The FWC can make binding orders when it is satisfied that a worker has been bullied at work and there is a risk that the bullying will continue. The possible orders are far-reaching. To date, we have seen the FWC making orders that require employers to implement appropriate workplace behaviour policies and that regulate the conduct of the individuals concerned to prevent bullying from occurring.

An employee has now successfully applied to the FWC for interim anti bullying orders that prevent her employer from completing its misconduct investigation, taking disciplinary action against her and/or terminating her employment until the substantive anti-bullying matter is determined. The decision highlights the wide scope of the FWC’s powers in the anti-bullying sphere, as the interim order effectively requires the employer to continue to employ the worker pending further developments, when it would otherwise be open to the employer to dismiss her.

The employee applied for anti-bullying orders on the basis that she had allegedly been bullied by senior executive staff, including through allegations of misconduct being made against her after she made a complaint about one of those executives. The employee alleged that the misconduct investigation itself was unreasonable and formed part of the bullying conduct.

The employer denied that any bullying had occurred. It contended that the investigation (and any proposed disciplinary action) constituted reasonable management action, which it said was undertaken in a reasonable manner. The employer argued that the anti-bullying jurisdiction was being used to step in and prevent a possible adverse action, without first considering whether that adverse action was justified. If the employee was dismissed, the employer said that the employee could pursue alternative remedies that would be available to her.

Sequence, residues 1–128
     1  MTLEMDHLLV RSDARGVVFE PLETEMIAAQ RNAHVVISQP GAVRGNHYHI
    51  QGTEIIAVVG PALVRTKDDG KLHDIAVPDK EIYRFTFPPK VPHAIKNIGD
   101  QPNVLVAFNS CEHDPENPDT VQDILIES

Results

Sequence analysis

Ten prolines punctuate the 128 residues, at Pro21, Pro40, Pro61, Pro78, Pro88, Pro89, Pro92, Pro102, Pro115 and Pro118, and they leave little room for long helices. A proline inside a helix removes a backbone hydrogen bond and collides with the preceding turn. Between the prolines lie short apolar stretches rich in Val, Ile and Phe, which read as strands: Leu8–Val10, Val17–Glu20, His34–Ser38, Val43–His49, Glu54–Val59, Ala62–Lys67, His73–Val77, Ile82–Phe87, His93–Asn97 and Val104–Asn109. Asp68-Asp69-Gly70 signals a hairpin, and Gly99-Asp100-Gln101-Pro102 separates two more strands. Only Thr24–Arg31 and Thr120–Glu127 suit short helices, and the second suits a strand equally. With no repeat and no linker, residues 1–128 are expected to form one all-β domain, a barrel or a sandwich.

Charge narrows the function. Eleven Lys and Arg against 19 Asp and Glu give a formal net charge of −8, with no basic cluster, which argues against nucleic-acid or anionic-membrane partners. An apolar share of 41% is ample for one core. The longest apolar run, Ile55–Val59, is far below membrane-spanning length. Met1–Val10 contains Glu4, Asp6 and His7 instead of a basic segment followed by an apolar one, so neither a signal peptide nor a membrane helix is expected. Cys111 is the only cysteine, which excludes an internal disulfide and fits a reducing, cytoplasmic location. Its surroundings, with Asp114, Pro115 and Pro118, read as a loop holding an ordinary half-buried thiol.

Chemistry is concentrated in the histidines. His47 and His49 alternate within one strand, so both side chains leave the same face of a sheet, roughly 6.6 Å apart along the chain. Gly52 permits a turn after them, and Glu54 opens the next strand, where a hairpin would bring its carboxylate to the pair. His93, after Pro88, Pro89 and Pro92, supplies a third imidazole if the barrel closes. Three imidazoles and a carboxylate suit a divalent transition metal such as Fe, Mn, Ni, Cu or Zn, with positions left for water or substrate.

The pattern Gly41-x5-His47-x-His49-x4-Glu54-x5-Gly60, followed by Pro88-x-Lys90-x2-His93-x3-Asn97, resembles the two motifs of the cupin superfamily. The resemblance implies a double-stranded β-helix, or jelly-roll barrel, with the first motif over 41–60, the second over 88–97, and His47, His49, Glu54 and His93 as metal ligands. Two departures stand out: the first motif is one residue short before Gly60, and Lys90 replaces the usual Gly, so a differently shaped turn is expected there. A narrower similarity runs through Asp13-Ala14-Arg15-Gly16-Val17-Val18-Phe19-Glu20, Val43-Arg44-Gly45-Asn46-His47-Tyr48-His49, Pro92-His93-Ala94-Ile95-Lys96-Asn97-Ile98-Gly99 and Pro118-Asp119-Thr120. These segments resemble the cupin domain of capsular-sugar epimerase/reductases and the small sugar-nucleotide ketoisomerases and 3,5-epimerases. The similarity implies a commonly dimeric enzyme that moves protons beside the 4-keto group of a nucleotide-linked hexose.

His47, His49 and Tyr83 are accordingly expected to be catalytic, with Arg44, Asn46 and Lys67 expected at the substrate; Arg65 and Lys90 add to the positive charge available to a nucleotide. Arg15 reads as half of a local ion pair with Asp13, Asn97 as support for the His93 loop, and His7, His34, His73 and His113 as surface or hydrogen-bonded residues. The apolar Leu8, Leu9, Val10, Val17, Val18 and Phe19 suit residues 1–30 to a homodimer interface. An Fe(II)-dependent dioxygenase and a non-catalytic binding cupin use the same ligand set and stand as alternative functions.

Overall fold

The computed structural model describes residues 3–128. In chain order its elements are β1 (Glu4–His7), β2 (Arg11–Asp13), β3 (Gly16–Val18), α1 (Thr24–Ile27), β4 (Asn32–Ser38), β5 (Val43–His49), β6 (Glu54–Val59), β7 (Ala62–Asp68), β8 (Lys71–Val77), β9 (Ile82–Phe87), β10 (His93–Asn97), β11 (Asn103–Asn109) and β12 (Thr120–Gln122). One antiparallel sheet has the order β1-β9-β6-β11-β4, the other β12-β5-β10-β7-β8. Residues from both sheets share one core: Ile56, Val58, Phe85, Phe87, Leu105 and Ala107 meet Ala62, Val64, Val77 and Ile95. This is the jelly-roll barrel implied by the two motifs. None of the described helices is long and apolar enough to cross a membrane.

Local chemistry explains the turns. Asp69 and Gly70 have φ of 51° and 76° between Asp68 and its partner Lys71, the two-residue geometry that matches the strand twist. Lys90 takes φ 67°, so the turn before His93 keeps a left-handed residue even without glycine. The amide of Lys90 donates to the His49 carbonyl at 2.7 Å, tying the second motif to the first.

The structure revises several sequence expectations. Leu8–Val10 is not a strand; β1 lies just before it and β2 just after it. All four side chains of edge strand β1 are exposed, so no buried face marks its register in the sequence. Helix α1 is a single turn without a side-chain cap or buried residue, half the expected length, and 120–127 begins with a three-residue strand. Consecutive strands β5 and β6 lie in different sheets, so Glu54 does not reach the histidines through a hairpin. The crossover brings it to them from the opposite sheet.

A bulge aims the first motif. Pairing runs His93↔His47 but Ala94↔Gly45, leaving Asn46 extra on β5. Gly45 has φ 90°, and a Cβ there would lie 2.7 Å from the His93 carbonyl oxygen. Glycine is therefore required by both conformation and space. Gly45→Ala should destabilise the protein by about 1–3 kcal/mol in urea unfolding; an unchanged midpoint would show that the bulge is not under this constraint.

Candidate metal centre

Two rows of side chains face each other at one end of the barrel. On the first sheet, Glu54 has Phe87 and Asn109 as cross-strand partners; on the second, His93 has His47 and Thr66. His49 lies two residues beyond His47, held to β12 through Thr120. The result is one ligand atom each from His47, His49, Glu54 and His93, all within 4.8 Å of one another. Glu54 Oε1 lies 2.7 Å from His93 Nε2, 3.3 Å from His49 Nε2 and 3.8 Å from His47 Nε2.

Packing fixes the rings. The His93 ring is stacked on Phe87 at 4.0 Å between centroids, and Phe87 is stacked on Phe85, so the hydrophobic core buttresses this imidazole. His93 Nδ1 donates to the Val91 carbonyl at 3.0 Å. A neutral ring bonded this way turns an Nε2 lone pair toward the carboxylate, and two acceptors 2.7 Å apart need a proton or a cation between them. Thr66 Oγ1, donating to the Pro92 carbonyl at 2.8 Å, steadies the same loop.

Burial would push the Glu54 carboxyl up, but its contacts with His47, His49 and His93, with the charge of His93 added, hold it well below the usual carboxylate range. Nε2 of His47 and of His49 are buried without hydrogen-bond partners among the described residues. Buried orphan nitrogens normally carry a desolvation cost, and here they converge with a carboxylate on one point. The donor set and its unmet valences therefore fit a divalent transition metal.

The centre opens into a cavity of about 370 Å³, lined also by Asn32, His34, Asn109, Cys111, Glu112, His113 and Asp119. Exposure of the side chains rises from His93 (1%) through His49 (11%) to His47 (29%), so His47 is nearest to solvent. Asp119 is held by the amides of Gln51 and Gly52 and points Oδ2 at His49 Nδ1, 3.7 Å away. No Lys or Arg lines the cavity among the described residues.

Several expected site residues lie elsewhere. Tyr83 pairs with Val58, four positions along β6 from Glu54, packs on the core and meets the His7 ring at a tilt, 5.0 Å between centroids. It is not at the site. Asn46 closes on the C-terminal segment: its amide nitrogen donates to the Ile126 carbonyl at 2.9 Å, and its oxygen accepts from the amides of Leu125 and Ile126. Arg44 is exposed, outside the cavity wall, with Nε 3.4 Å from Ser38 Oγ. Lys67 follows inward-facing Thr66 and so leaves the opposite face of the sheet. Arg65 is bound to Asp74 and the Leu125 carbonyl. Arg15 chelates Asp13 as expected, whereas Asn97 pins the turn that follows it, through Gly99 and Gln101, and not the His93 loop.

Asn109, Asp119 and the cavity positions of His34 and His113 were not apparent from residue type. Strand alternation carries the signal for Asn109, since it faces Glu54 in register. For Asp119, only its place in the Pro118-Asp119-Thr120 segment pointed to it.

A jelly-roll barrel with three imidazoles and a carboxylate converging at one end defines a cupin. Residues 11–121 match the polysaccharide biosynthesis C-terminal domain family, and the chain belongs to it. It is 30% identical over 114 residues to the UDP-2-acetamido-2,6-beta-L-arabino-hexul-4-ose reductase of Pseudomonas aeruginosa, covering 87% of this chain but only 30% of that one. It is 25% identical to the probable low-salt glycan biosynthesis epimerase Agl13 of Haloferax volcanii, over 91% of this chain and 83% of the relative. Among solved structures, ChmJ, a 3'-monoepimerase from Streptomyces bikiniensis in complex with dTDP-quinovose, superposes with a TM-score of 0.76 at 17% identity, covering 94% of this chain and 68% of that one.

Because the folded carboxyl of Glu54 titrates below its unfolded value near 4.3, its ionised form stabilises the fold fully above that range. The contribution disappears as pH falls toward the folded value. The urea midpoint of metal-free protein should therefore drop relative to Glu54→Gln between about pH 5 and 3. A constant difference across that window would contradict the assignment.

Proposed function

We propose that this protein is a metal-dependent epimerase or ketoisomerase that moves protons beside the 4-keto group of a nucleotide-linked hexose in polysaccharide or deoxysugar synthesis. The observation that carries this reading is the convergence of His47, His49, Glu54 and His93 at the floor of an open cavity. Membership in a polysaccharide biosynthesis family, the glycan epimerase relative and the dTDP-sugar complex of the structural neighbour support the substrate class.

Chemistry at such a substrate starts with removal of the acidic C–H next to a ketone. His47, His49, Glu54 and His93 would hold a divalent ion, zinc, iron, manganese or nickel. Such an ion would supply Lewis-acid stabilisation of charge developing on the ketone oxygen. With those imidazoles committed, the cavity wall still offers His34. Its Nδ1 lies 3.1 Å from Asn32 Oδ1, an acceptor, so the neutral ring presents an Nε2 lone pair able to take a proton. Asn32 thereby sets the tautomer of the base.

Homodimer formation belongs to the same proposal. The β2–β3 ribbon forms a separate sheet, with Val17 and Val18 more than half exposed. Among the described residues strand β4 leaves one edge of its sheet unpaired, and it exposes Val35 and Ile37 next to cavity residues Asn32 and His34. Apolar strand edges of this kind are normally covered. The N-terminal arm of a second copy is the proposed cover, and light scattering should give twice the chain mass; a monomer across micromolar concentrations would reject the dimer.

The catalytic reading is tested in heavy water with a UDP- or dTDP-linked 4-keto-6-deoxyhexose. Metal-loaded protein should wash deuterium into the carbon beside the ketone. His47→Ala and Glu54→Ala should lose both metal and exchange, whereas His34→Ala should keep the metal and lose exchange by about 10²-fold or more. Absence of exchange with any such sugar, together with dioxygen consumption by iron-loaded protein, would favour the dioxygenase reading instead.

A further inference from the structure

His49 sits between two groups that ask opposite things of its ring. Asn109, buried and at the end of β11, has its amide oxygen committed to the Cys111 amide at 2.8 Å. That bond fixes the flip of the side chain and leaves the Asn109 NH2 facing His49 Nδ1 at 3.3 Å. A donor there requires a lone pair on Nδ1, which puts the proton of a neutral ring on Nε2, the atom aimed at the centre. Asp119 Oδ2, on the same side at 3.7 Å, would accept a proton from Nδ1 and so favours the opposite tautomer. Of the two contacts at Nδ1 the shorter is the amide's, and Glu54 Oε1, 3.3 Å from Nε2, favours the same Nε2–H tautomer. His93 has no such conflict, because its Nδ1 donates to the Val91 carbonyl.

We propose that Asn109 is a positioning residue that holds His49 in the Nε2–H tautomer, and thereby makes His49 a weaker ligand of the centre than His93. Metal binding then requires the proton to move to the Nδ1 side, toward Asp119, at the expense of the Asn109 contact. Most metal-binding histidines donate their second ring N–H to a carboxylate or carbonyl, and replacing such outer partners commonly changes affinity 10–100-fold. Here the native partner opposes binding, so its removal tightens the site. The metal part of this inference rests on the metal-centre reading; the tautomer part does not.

The FWC found that the dismissal of the employee would significantly compromise, and potentially deny, the employee’s capacity to have the anti-bullying application heard and determined, as there would no longer be any risk of bullying. In circumstances where the employee’s anti-bullying application appeared to have merit and there was a sufficient likelihood of success to justify preserving the status quo, the FWC decided that the balance of convenience favoured the granting of the interim order. Despite this, the FWC observed that interim orders of the kind granted in this case will not be issued lightly.

  • The recent issuing of interim anti-bullying orders illustrates how far-reaching the FWC's powers are, and the importance of having preventative measures in place to address workplace bullying.
  • The FWC's decision to grant an interim injunction is likely to result in further applications for interim injunctions being made by workers, including highly paid, senior employees who are ineligible to make an unfair dismissal claim.
  • There is a risk workers will use the anti-bullying jurisdiction strategically to delay or circumvent disciplinary action being taken by employers.
  • There is significant incentive for employers to take a proactive approach to eradicate or minimize bullying. The costs of establishing and implementing appropriate policies, procedures and training require some financial expenditure, but are likely to be significantly outweighed by any lititgation that may otherwise result.